While adaptive testing has been around for a long time, it has recently been gaining in popularity. Many have been looking at it as a magic bullet to meet the data driven decision making requirements of the modern accountability era. The approach can greatly shorten the time required to deliver an assessment with an acceptable level of measurement precision. While it is certainly true that adaptive testing has a number of potential benefits that provide it a place in the assessment bag of tools, it also has a number of limiting characteristics that have to be considered in selecting it for a particular use.
How does an adaptive test adapt? The approaches that are currently used fall into two basic categories based on whether adaptation decisions are made after every item or after a group of items. In the first case, a cumulative score is calculated each time a student completes an item. The next item is typically selected by determining the item that will provide the optimal level of information regarding the student’s ability. Once a score has been reached that provides an adequate level of measurement precision, the assessment is ended. Typically this endpoint is reached after far fewer questions than would be required to achieve a comparable level of precision on a standard or “linear” test , thus making the approach extremely efficient.
In the second case, decisions are made after administering preconfigured blocks of items rather than on an item by item basis. A typical design might specify a routing test followed by two stages, each of which involves a decision between pre-constructed item blocks optimized for lower, average, and high ability. In this design, students would complete the routing test and then be assigned to the appropriate second stage item block based on their score. After completing the second stage they would again be routed to the appropriate block of items in stage three based on their cumulative score on the routing test and the second stage. After completing the third stage the assessment would be ended and an overall score determined based on all the items completed.
What are the benefits of adaptive testing? One of the most notable is its efficiency. This is particularly true with the item by item approach. As I mentioned, an adequately precise measure of a student’s ability may typically be achieved with far fewer items than would be required for a typical “linear” test. This efficiency can make the approach far easier to use when large groups of students must be tested in a short time.
What considerations go along with the benefits? Two of the most fundamental are content control and item exposure. Both are controlled to some degree by the multi-stage design. The multi-stage design is not quite as efficient as the single-stage design. However, in those cases in which content control and/or item exposure are important considerations, the multi-stage approach may be preferred.
Content control is especially important in standards-based education. While the item by item approach is extremely efficient, the ability to ensure that all students are exposed to content reflecting standards targeted for instruction may be compromised in the item by item approach. Johnny, Suzy, and Javier may all sit down together and not be exposed to any of the same items. Suzy may have to multiply fractions while Johnny and Javier don’t. This may not be cause for concern if the test is being used for purposes of screening, but it may limit the utility of the measure if the results are being used for very specific decisions about student instructional needs. For instance, if there are instructional decisions to be made about providing instructional coaching on multiplication of fractions for Johnny and Javier, it would likely be most informative they had actually been asked to respond to the questions that Suzy was given. While Item Response Theory (IRT) may be used to estimate the probability that students have mastered these skills even if they haven’t been given the questions, actual administration of the items can afford the additional benefit allowing mistakes to be analyzed. The pre-constructed design of the multi-stage approach affords control of this issue at the expense of some efficiency.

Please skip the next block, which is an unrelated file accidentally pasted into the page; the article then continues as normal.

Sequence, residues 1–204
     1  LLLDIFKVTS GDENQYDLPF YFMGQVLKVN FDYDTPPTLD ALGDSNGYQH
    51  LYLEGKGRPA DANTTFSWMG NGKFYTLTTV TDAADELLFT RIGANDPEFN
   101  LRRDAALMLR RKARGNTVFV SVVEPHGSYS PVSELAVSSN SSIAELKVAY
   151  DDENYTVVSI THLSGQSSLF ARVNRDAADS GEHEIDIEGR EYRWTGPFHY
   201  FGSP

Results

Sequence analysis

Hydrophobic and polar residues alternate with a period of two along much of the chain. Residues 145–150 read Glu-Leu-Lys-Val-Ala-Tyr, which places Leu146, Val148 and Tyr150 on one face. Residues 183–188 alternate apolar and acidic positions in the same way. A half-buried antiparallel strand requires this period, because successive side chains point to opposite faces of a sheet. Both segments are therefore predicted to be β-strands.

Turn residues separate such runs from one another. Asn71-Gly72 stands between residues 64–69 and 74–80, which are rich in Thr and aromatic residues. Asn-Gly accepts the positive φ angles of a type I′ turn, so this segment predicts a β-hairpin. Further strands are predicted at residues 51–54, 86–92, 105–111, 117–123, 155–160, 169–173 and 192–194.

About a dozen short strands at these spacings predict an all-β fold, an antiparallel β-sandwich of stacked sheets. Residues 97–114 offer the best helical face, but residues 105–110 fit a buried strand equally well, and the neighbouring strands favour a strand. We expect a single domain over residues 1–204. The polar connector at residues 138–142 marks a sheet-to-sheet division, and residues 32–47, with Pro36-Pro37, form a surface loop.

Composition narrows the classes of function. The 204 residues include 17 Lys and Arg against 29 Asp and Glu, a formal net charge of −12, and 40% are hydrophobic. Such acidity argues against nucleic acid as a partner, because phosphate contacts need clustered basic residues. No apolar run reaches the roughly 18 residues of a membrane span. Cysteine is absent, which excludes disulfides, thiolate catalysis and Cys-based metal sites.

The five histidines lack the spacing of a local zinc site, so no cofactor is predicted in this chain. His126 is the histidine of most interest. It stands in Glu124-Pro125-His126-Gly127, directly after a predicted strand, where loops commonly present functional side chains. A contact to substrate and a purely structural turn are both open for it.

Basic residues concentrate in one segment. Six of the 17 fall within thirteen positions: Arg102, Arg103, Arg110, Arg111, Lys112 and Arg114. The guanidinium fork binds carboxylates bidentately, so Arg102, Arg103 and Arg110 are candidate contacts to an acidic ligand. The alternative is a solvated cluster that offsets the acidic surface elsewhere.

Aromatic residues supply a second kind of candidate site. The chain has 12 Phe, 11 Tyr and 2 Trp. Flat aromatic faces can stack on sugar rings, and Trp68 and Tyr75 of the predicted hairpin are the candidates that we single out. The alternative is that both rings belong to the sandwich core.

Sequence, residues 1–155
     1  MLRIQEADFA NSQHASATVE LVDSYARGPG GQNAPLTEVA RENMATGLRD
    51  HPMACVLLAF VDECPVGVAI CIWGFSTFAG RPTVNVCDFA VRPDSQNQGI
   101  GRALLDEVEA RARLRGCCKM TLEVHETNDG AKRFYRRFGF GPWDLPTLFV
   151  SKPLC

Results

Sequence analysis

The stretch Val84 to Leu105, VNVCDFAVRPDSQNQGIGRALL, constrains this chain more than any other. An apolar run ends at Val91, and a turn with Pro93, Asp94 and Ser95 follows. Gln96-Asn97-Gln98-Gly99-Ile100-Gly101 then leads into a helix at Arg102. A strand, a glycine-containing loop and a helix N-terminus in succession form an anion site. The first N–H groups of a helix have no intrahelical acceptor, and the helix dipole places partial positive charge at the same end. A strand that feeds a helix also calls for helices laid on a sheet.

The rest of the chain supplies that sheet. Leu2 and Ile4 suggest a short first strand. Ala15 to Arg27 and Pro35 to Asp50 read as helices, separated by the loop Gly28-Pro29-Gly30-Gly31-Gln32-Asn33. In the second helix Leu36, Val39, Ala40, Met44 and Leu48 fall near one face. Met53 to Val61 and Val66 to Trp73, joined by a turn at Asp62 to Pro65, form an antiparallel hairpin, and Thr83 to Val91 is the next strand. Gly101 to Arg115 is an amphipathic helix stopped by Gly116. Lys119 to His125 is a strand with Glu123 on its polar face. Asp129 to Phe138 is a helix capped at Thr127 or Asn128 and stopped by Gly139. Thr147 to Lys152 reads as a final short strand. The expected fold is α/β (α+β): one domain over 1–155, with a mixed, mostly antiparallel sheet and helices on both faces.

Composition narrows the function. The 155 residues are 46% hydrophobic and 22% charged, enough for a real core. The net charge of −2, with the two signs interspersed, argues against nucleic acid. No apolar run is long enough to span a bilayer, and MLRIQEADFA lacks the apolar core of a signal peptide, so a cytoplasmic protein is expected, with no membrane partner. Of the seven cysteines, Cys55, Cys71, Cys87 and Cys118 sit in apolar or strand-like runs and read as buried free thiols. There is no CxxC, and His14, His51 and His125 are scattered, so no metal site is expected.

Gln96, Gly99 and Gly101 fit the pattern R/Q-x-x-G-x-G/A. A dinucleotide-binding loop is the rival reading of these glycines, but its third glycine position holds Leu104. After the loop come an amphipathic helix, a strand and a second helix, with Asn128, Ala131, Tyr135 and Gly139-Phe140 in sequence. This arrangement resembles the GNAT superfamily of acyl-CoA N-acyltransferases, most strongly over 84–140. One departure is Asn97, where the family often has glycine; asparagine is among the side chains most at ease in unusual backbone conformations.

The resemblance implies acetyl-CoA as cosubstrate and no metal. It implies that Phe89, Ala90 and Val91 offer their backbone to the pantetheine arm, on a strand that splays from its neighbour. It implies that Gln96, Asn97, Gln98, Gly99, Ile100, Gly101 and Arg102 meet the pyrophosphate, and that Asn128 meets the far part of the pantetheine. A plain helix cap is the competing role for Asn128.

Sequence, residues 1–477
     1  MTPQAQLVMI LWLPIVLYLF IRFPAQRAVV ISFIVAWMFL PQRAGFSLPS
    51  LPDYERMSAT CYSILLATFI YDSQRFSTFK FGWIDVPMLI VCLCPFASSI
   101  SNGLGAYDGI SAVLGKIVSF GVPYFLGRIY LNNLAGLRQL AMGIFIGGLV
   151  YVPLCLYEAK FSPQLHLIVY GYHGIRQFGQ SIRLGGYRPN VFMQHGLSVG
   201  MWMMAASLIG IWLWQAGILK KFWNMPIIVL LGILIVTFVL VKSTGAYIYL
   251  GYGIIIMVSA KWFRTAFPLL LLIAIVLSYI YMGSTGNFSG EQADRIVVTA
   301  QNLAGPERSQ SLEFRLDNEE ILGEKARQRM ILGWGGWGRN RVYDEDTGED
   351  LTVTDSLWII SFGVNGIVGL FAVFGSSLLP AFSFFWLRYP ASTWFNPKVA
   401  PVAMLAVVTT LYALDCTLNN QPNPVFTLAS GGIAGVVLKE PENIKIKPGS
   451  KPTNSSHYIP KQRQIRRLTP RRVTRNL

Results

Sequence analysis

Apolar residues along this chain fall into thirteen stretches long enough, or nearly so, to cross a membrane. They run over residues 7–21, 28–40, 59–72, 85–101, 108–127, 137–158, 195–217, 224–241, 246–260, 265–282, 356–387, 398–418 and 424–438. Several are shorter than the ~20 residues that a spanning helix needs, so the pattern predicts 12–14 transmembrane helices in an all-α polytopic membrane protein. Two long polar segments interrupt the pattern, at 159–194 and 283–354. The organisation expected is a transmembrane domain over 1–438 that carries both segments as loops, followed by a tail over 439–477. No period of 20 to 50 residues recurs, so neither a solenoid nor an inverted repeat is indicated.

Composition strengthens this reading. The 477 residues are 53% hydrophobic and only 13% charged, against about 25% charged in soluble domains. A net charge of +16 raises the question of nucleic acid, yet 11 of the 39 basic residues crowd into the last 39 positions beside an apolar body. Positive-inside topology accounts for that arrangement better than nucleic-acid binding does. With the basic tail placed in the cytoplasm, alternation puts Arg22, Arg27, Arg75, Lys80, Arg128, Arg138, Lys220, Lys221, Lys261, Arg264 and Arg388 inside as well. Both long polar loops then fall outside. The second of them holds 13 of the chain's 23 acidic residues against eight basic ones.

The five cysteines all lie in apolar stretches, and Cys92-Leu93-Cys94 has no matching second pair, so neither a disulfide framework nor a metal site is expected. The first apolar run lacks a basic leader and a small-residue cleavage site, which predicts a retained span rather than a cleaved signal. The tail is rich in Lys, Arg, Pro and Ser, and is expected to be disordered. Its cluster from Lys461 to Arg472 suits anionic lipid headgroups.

Item exposure is particularly important when item security is a concern. The focus of the item selection algorithms on picking the optimal item for a given ability level can mean that the same limited set of items come to the top of the heap repeatedly. This is particularly true for the item by item approach. This issue can limit the utility of the assessment for repeated use because students are likely to see the same items again and again. In high stakes situations, the door is open for cheating because the items that are likely to show up become predictable. As with the content consideration, the multi-stage approach provides some control over this issue at the expense of efficiency.
The combination of strengths and unique considerations involved with adaptive testing point to some particular uses for which it would be a strong choice. One of the most notable is screening. The efficiency with which an adaptive test can provide a reliable measure of ability make it a good choice when the issue at hand is deciding whether a student should enter into a particular instructional group or class. The degree of content control provided by a multi-stage approach could provide more granular information when the decision at hand is whether a child should be given additional help on a specific skill or set of skills.
ATI is current working on a module to support adaptive testing. The module will support the the item by item and multi-stage approaches. Provision of these options will allow districts to take advantage of the strengths provided by adaptive testing when they are designing an assessment program that will best meet their needs.
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